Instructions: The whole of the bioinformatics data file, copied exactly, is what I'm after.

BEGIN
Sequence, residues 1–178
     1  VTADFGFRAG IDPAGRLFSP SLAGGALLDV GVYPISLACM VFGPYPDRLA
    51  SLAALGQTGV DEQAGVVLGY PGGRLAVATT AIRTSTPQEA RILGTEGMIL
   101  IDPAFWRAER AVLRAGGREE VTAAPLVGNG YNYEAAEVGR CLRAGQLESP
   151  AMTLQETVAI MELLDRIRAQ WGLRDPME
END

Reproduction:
Sequence, residues 1–178
     1  VTADFGFRAG IDPAGRLFSP SLAGGALLDV GVYPISLACM VFGPYPDRLA
    51  SLAALGQTGV DEQAGVVLGY PGGRLAVATT AIRTSTPQEA RILGTEGMIL
   101  IDPAFWRAER AVLRAGGREE VTAAPLVGNG YNYEAAEVGR CLRAGQLESP
   151  AMTLQETVAI MELLDRIRAQ WGLRDPME